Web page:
Monday, August 13, 2012

The truth hurts…but so does too little sleep


I’m struggling to admit that Bernadette’s sleeping habits have changed. She’s always been a good sleeper, and aside from the few weeks when she was giving up her morning nap about a year ago, she’s slept well beyond 8 or 8:30am for as long as I can remember. But suddenly, she’s adopted a 7am wake up call – and I wish it weren’t true.

And unfortunately, I’m acting like it’s not. I haven’t adjusted my scheduled because I don’t want her 7am wake ups to stick. I figure if I hold out, maybe it will just become a passing phase, and I’ll return to sleeping until my beloved 8am.

But I’m only fooling myself. With an 11pm bedtime, I'm handicapping myself with only 8 hours of sleep, rather than my required 9. In fact, the longer I go with too little sleep, the more fatigued I become overall. I haven’t woken up rested once since she’s been on this early kick, and it’s just because I’m too stubborn to adjust my routine.

Why do we do that? Why don’t we listen to the signals our bodies send, and react accordingly? This is about as simple as it gets – getting up an hour earlier in the morning means you go to bed an hour earlier at night. But it’s so difficult to adjust when we don't want to accept that things have changed in the first place. 

I can think of a dozen examples where I was a late adopter to change - food to which I was having an allergic reaction, work schedules that caused fatigue, medicines that caused GI upset, to-do lists that prompted unnecessary pain or swelling. I didn't want to change because I thought it would take too much effort.  I thought it would be a sign of losing control. Of course - what I didn't realize is that a) I was already exerting a ton of effort, trying to stave off the consequences, and b) I'd already lost control.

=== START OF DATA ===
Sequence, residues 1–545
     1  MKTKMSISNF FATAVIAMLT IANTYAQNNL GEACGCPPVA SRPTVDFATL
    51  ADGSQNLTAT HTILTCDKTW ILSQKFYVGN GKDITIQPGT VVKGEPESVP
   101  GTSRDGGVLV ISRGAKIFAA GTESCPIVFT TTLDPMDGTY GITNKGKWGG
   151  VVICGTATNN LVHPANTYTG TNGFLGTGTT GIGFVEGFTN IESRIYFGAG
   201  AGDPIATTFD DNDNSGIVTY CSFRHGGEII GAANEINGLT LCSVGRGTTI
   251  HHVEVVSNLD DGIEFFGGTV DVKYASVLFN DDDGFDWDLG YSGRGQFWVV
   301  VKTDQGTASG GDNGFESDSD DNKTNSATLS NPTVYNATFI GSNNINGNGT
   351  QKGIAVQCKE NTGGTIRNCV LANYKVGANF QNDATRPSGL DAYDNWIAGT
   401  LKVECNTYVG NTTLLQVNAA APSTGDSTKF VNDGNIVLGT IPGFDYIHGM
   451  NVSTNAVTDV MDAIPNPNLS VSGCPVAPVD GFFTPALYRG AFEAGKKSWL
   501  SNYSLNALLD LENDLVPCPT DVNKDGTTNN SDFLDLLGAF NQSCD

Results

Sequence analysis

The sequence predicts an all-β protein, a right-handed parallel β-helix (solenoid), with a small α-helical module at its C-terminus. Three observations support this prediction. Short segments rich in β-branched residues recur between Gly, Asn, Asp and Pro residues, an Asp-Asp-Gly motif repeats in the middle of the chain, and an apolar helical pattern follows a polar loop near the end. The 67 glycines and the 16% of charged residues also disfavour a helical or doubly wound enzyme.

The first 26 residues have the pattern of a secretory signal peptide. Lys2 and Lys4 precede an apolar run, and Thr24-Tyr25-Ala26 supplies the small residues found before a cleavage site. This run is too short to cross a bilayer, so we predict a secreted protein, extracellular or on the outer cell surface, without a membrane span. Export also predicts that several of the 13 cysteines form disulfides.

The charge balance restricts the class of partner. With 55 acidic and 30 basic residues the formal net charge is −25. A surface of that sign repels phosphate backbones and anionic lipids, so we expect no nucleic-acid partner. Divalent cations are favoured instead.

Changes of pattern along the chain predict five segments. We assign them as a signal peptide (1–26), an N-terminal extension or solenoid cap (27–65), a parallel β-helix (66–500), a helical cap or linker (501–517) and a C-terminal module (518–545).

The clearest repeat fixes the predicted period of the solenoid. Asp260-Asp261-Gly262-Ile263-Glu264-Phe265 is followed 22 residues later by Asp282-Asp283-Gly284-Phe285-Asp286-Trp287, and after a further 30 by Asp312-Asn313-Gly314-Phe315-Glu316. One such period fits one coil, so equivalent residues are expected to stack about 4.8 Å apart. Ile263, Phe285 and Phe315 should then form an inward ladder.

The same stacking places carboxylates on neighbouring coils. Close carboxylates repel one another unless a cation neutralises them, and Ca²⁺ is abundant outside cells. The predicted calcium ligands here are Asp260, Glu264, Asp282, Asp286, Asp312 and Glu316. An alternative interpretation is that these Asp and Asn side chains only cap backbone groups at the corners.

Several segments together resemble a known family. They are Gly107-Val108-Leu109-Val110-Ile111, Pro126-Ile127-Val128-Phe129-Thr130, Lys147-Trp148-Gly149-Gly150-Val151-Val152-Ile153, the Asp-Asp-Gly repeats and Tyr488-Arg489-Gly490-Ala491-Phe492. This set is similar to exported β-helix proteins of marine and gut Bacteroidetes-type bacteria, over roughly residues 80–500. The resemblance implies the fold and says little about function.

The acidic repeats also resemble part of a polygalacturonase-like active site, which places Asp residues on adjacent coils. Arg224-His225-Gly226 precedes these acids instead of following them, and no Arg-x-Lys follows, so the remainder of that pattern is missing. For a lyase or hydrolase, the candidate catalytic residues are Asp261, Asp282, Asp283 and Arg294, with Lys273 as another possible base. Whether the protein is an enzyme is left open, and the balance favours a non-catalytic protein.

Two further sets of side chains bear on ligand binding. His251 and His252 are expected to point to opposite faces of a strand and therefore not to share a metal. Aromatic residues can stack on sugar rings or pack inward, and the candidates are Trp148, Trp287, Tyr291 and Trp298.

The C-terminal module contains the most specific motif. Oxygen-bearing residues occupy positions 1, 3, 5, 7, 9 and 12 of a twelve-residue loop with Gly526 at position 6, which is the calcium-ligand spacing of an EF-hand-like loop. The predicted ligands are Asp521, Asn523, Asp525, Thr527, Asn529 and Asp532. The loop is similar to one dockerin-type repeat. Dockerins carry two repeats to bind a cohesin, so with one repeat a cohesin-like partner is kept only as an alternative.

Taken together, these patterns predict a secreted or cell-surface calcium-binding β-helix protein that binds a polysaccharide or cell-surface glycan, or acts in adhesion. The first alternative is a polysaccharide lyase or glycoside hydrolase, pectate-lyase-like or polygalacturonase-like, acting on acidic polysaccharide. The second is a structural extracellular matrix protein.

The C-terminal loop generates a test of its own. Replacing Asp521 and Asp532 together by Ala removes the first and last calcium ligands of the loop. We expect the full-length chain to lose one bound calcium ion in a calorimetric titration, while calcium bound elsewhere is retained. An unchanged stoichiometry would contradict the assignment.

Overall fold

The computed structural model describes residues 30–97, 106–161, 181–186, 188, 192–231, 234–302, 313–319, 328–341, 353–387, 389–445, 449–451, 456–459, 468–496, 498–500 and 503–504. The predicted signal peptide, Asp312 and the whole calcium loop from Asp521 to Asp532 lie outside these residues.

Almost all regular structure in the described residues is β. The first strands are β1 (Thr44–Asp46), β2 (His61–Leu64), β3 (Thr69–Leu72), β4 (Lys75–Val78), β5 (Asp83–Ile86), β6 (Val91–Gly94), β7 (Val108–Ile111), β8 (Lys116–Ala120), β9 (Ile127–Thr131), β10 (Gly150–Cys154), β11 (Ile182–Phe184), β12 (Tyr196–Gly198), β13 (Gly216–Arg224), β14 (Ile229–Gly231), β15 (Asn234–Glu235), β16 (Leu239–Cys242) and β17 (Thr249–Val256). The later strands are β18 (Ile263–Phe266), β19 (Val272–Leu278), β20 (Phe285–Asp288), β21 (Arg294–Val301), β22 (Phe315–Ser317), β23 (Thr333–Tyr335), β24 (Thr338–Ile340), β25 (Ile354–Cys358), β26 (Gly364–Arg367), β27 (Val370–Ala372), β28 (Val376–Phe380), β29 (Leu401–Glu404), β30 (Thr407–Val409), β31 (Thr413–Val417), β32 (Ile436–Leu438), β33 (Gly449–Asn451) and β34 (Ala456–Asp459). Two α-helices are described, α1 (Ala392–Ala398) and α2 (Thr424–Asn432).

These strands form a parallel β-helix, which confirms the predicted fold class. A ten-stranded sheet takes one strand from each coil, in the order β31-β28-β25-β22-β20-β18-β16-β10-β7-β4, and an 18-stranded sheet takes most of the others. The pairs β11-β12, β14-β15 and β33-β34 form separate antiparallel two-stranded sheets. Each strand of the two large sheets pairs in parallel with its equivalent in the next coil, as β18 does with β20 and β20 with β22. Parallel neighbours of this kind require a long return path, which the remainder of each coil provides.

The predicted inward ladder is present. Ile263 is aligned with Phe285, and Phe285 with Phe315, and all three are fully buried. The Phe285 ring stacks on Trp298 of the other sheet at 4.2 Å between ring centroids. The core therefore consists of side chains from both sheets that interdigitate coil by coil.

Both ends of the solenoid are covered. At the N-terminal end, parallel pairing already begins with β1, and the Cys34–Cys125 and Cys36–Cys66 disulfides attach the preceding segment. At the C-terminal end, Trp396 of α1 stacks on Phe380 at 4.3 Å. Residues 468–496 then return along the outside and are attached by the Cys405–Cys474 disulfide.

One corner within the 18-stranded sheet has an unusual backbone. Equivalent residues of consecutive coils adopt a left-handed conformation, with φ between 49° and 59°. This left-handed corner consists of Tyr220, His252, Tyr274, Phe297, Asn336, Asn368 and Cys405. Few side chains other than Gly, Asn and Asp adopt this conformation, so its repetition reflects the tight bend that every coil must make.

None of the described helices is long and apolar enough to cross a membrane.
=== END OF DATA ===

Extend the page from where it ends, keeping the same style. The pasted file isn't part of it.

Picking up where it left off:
Put in that light - it becomes pretty clear, doesn't it? I'm already getting up at 7am. The change has already occurred. Now I just have to take steps to embrace that change so that I can get on with living well.

So fatigued I will no longer be. Ten pm is the new 11pm, haven’t you heard? I will start my bed preparations at 9pm, and it will be "lights out" at 10pm from now on.

At least until she starts sleeping in again.

(I'm only human!)


2 comments:

  1. Hi Sara, I just wanted to say "I hear ya!" to your posts about children and sleeping. I was diagnosed with SLE when my son was 2.5 yo and my daughter was 6 months old. It was so difficult to be the mother that I wanted to be while at the same time dealing with this demanding illness. Little little children need us to be so flexible and available and unfortunately those are two things we can't always be! That was four years ago and while the bad news is that nobody naps at all anymore the good news is that they are able to get up in the mornings on their own. Usually they just play until about 8 when I get up. So you have that to look forward to! Good luck :)

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  2. Betsy - Thanks so much for commenting! Good to know that there will come a time when the girls don't demand our undivided attention the moment they open their eyes in the morning. We're learning to "appreciate" the fact that they love us SO much they want to be with us immediately, but we will welcome the time when everyone can fend for themselves for just a little bit in the morning. :) Thanks for stopping by!

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